The Loverboy Solo

Sometimes there are numerous benefits in playing something outside of your tastes.

by | May 8, 2019 | Weekend Warrior

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The Billy Ocean Loverboy solo. Before your thoughts get carried away in an unsavoury direction, I am referring to the guitar solo in Billy Ocean’s 80’s hit, “Loverboy“. I recently had to work out this solo for a live performance (and probably many more to come). It exhibits everything from a tone and technique perspective that I have avoided as a guitarist. My avoidance was partly due to lack of technique if I have to be honest, but also due to taste. However, I decided to challenge my stylistic and tonal rut by working it out note for note. I have to confess that I am a better guitarist for it.

One of the challenges of playing in a cover band is that you will inevitably end up playing a variety of styles spanning several decades. Exact matching tones are not a necessity, but the closer you can get to the original, the more authentic it will be. We recently decided to add “Loverboy” to our setlist. This ’80s hit sports the typical chorus-laden tone that was so prominent of the era. I never use chorus. In actual fact, I steer clear from modulation effects in general. The guitar sound also has way more gain than I prefer in general. I mean, there is enough to tame a swarm of bees. So for the first time in a while, I had to create a chorus sound (thanks to multiple effect units as I will never invest in a separate stompbox for chorus) and pile up the gain.

 

The Billy Ocean Loverboy solo

On a technical level, the solo starts off with a pinched harmonic. Now I have nothing against pinched harmonics, but it is a trick I do not employ often, mostly because I do not use a lot of gain in general. I really had to practice to nail it consistently time after time. Forward a few notes and we have a tapping section. I do not tap. I missed the whole Eddie Van Halen Eruption vibe. I was too busy listening to Dire Straits when Eddie shocked the world with his double-handed tapping technique. Although I admire shredders of all decades, it simply does not make my blood flow stronger. I would rather listen to someone who can move me emotionally, even if it only requires one note. I don’t tap because (1) I suck at it and (2) I don’t feel the need to employ it to get my point across.

The tapping sequence is not very tricky, but what complicates it a bit is that you have to tap a right-handed sequence on a bent note. If you bend the base note slightly flat or sharp the whole sequence sounds like a cat in pain. You have to nail the pitch for it to make musical sense. A further complication is that I primarily use a Strat with .11 to .48 gauge strings. Bending a full note on the b-string and maintaining it for the length of the tapping sequence is not the easiest thing in the world at .11 gauge string tension. I had to practice bending the intro note in pitch every time, followed by tapping the b-string accurately all the while maintaining the bent pitch with my left hand. I destroyed the callous on my left-hand ring finger but eventually got it consistent. Sorted.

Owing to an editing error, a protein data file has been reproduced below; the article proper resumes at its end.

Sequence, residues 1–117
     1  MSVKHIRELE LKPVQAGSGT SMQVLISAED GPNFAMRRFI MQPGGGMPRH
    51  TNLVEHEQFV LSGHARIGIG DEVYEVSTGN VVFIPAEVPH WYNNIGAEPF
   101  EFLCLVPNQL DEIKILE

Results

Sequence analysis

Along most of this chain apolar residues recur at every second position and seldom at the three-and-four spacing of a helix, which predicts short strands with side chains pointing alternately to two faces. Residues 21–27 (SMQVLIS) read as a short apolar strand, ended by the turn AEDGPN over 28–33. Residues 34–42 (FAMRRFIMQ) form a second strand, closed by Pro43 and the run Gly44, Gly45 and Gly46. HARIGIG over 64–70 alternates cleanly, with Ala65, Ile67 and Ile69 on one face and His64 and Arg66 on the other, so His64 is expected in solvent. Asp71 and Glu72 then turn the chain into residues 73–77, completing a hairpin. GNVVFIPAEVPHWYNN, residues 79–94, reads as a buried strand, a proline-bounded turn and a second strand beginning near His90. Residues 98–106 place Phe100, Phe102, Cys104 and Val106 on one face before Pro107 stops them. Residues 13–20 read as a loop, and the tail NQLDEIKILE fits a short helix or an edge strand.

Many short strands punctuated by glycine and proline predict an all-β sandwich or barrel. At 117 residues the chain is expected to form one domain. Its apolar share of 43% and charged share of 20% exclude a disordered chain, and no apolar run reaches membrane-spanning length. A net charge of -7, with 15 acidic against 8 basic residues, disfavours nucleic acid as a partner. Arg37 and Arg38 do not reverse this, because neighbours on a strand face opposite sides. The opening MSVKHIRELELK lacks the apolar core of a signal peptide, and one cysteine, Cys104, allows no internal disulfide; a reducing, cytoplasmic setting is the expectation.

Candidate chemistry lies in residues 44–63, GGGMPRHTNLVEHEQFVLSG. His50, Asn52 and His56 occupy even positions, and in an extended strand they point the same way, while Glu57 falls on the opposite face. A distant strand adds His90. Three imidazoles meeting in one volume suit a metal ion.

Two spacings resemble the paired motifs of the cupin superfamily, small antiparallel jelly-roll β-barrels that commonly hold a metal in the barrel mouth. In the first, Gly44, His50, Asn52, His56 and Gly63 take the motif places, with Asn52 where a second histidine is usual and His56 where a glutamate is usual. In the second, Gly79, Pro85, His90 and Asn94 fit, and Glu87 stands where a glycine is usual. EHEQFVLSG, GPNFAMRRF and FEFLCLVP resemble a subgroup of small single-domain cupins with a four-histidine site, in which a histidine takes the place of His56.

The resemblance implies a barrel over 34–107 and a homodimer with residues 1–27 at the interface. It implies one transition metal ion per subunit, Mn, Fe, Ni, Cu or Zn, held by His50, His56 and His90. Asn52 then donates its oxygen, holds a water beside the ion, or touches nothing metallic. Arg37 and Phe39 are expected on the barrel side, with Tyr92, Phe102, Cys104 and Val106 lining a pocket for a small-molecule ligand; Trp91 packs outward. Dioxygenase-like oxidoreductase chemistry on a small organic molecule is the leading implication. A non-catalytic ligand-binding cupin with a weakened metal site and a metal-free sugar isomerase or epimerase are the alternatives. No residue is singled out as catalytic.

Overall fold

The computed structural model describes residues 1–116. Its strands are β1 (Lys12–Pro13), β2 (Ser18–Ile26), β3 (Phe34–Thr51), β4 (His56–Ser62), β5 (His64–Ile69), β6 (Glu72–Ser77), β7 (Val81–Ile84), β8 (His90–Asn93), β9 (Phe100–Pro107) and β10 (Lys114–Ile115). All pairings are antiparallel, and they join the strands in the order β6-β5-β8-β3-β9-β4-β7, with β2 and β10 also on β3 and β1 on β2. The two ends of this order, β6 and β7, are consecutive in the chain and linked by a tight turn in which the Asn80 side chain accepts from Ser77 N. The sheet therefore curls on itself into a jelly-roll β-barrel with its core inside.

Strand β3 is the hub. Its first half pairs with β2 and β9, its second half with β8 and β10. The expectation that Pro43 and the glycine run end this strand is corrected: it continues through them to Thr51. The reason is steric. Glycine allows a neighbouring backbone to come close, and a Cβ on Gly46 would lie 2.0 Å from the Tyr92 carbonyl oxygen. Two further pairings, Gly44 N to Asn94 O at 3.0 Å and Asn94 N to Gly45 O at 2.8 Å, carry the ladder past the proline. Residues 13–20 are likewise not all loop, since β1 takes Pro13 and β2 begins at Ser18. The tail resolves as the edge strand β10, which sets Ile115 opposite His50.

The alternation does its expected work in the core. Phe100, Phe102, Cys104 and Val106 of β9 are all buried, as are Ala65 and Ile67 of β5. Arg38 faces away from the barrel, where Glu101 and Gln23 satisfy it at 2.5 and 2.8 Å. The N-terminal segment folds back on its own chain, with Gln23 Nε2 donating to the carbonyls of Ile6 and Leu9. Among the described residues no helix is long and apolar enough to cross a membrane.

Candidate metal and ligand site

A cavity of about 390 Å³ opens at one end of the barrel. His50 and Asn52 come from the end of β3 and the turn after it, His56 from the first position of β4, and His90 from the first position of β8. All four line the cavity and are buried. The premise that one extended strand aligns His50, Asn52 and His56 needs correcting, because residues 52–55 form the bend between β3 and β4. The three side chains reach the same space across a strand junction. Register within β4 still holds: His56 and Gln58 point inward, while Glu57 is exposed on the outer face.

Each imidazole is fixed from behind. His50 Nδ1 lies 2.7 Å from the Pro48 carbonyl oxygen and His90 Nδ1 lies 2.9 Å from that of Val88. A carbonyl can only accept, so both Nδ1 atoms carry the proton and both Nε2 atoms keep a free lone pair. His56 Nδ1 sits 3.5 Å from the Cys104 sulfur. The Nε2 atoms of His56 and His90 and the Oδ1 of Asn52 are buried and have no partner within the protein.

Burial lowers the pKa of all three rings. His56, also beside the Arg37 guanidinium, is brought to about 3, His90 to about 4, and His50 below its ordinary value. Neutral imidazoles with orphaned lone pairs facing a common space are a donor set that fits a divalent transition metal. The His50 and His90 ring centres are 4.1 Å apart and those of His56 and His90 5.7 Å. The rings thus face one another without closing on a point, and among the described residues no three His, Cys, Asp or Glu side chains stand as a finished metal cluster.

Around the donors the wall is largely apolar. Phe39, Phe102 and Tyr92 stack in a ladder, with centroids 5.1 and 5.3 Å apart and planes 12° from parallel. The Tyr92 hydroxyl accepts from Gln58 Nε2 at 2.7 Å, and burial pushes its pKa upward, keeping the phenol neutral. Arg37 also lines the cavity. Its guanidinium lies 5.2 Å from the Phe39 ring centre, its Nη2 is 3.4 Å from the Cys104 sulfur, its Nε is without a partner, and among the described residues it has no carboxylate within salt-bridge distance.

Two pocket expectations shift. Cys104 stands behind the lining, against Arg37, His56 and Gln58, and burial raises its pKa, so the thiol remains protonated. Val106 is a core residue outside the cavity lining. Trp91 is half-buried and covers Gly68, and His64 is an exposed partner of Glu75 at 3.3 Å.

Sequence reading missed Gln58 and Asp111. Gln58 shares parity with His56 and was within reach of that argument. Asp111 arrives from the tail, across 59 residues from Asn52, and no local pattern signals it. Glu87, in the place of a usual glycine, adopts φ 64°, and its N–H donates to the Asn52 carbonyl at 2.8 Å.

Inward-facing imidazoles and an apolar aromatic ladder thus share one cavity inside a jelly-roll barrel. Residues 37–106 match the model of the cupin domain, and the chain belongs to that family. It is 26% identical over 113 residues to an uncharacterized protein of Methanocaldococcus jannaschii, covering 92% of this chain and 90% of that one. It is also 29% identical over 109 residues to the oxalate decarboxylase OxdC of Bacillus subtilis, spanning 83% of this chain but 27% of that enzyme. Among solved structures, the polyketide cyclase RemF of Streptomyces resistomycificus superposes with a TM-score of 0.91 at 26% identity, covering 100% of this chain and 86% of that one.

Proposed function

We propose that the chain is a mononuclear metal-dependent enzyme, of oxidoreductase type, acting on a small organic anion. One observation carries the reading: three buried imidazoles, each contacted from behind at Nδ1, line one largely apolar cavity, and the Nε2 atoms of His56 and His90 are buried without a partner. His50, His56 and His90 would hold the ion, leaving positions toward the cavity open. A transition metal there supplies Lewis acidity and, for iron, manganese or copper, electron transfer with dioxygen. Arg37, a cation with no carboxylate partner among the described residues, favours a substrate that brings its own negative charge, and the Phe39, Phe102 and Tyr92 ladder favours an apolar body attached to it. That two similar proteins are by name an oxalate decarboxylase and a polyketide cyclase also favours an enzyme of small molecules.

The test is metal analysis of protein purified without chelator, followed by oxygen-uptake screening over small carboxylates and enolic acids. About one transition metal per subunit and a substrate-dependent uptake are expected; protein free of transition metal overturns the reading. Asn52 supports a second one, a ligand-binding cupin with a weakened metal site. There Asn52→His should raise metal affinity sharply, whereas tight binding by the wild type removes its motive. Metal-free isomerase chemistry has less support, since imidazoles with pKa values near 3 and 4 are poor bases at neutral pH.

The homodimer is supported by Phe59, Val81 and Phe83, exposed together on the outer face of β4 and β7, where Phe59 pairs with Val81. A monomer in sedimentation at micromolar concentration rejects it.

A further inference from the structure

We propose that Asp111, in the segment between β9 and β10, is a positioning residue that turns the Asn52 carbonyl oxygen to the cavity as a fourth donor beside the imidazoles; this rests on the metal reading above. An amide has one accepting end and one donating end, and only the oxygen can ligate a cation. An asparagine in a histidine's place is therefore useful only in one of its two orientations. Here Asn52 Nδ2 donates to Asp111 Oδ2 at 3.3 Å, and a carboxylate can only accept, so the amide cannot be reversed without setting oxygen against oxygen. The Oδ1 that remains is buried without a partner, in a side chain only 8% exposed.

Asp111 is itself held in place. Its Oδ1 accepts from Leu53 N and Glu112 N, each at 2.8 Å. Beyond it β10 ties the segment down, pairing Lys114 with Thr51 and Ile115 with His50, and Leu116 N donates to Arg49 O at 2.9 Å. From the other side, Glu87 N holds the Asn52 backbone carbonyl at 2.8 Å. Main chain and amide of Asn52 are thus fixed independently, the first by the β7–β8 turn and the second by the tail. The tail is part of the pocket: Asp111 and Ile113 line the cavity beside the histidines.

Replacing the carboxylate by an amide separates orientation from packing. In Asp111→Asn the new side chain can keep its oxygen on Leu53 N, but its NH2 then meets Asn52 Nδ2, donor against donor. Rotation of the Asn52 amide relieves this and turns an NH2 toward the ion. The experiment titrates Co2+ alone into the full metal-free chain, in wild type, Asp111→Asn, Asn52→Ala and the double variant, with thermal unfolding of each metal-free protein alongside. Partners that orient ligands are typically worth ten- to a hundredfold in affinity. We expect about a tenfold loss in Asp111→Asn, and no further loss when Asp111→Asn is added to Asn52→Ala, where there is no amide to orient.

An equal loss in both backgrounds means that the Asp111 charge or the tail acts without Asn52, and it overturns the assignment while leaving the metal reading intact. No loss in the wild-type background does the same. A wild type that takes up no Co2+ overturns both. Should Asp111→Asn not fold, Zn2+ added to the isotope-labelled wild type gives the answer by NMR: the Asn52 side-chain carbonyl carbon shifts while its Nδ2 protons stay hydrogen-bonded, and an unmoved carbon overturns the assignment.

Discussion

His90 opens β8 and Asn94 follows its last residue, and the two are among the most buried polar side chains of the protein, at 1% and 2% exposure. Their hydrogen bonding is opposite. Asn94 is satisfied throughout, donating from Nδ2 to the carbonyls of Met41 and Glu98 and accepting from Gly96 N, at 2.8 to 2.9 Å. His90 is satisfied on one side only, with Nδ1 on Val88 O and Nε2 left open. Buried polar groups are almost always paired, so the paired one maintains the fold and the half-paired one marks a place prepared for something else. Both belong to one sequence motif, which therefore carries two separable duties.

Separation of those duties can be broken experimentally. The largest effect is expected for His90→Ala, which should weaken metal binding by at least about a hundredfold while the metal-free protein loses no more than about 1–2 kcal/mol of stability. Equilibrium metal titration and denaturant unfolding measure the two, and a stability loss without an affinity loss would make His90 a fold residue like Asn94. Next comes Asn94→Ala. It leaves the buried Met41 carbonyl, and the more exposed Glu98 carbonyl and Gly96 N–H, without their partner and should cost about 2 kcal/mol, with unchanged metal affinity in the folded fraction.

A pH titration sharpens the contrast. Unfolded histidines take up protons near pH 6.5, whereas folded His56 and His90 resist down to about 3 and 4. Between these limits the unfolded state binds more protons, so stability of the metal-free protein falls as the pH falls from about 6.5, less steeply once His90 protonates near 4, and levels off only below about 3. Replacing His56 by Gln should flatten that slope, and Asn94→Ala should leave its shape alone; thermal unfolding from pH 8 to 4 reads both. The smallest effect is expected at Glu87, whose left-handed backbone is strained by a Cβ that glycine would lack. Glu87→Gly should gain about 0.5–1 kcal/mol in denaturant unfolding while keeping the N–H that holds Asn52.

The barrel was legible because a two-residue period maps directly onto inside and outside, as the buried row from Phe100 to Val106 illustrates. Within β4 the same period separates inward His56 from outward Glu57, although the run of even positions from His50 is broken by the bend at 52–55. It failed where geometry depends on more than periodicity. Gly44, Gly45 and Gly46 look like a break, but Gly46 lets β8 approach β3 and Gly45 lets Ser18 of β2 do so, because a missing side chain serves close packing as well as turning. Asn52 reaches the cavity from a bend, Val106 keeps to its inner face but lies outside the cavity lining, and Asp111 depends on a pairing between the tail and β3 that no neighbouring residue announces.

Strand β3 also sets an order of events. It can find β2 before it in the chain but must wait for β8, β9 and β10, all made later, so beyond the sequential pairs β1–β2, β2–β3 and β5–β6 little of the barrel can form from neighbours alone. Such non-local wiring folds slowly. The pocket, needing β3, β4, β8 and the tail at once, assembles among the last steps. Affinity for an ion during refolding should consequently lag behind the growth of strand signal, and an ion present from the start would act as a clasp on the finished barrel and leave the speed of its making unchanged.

The last stumbling block was the final whole note bend on the 17th fret of the treble e-string to end the solo with. Not an issue normally, but after all the prior gymnastics with a .11 gauge string, it felt like a marathon. Back to the drawing board to build some stamina!

The decision to stick with it really paid off. I got over my aversion to chorus. It will never be my effect of choice, but I learned to dial it in to sound musical (to my ears at least). I found that with a little effort I can do a tapping sequence when needed, control a heavy-gained sound at stage volume and hit a pinched harmonic consistently. And the stamina in my left hand got a serious boost. All in all, I would say working out the Billy Ocean Loverboy solo and practising it until I could play it consistently fluent made me a better guitarist.

After all the effort, I remembered that the band tunes down to Eb for live shows!! When I tuned to Eb I nailed it the first time due to the slacker string tension. The only issue was my tendency to bend sharply with the flattened tuning. It just never ends…

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